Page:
A most particular friend

John Hutchinson was shot by a sniper at Gallipoli. It would take Private Hutchinson over two hours to die. It is said that in the last moments of life, a dying man’s thoughts turn to the ones he loves. John Hutchinson thought only of his sergeant.

‘Casualty lingered in pain,’ Sergeant Matthews, another man from the 8th Battalion, reported to the Red Cross, he ‘was quite conscious to the end and gave a message to his very particular friend, Sgt Carson of the 8th Battalion’. By the time that interview was recorded Carson and the 8th had been transferred to France and the battalion had suffered hundreds of casualties. But that final message from a dying man made an indelible impression on Sergeant Matthews’ memory. He did not use the words soldiers usually chose to describe their friendships, ‘cobber’ or ‘mate’. Perhaps because this relationship seemed something other than that, something more intense and more familiar. There was intimacy there that Sergeant Mathews did not quite understand, and quite probably didn’t approve of.

Casualty was very much attached to Sgt Carson and the boys referred to them as Lord and Lady Carson … Sgt Carson stuck to him so closely.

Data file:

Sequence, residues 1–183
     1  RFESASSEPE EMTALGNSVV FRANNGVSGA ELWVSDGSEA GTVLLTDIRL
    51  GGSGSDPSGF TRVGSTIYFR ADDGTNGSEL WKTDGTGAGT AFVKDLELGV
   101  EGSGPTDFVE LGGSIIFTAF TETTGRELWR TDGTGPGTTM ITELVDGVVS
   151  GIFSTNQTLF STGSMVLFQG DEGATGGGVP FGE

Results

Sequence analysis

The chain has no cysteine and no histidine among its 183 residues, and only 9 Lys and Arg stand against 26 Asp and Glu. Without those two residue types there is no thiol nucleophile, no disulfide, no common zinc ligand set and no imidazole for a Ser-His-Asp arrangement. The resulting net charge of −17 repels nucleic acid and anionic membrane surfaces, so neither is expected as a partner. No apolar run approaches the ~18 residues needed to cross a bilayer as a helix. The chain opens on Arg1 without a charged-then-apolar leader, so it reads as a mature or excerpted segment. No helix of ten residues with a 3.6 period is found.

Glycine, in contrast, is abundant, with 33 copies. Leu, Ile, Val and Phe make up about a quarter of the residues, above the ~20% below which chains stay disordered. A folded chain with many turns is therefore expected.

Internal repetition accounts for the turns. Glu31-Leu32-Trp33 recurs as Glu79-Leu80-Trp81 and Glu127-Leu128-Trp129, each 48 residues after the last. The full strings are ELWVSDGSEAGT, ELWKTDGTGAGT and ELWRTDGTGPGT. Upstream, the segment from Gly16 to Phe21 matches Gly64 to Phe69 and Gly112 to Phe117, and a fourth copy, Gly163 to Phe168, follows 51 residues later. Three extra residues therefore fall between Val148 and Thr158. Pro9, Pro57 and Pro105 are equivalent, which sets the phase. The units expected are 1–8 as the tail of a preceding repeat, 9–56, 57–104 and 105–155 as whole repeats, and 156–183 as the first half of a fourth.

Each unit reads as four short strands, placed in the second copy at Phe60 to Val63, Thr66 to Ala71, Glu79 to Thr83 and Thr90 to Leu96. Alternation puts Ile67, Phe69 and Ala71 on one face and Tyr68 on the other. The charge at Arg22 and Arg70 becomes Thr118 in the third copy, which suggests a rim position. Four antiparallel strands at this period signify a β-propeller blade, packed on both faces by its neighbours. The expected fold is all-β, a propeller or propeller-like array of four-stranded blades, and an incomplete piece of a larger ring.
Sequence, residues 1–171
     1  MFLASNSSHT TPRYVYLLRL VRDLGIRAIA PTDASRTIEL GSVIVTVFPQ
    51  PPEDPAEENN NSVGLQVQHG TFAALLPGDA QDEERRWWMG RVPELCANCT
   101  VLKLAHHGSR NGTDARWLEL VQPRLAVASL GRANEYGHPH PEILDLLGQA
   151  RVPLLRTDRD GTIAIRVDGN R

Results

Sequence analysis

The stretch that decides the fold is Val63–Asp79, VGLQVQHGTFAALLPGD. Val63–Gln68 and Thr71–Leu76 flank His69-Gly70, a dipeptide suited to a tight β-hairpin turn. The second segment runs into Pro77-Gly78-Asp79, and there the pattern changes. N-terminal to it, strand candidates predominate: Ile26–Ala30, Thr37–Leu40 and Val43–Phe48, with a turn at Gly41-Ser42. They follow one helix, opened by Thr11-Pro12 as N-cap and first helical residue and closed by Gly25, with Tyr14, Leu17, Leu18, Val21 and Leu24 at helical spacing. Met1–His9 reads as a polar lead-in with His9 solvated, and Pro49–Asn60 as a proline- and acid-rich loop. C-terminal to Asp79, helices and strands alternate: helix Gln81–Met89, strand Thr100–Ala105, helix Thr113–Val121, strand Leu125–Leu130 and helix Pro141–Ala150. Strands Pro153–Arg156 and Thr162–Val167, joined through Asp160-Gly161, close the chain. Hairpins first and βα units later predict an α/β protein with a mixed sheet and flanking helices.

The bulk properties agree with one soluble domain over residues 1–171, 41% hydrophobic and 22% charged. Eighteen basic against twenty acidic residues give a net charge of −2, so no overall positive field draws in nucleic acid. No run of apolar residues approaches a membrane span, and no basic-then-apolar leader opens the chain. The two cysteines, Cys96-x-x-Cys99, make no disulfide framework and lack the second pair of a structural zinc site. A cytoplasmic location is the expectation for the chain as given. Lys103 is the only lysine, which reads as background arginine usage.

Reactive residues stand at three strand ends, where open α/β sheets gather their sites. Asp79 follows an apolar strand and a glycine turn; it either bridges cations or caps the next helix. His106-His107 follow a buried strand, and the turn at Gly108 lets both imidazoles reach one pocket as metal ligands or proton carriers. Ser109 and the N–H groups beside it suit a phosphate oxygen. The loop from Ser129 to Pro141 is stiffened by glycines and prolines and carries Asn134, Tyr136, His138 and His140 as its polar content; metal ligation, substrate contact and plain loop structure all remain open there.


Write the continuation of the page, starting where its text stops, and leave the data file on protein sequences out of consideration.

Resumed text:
That mocking phrase, ‘Lord and Lady Carson’ served to identify two men whose private companionship set them apart from their mates, and whose very behaviour was deemed inappropriate and effeminate.

Here we should sound a word of caution. One should not read too much into a single paragraph from a single file. And we cannot assume that our emotional sensibilities today are the same as those in the past. In truth, we know virtually nothing about Hutchinson and Carson’s relationship and we can never know what these men’s sexual preference may have been.

What we do know is that homosexuality was illegal in early twentieth-century Australia. And we know homosexuals faced imprisonment and dishonourable discharge from the Army. We can also state with confidence that homosexuals served then just as they serve now and that patriotism, loyalty, and a sense of duty are not defined by sexual preference.  John Hutchinson lost his life at Anzac within forty-eight hours of the Landing, just as the sun faded over Samothrace. His family was no doubt told he died fighting for freedom, but was he really free to choose the one he loved?

John Hutchinson’s story reminds us of a largely forgotten dimension of the history of the First AIF: how many LGBTQIA men and women chose to serve and what discrimination did they face? It also suggests the way sexually transgressive memories of war have been marginalised in official discourse. As late as 1982, a group of gay servicemen representing the Australian Army, Navy, and Air Force were denied permission to lay a wreath at Victoria’s Shrine of Remembrance. Their exclusion mirrored the marginalisation and persecution of non-heterosexual women and men in society as a whole.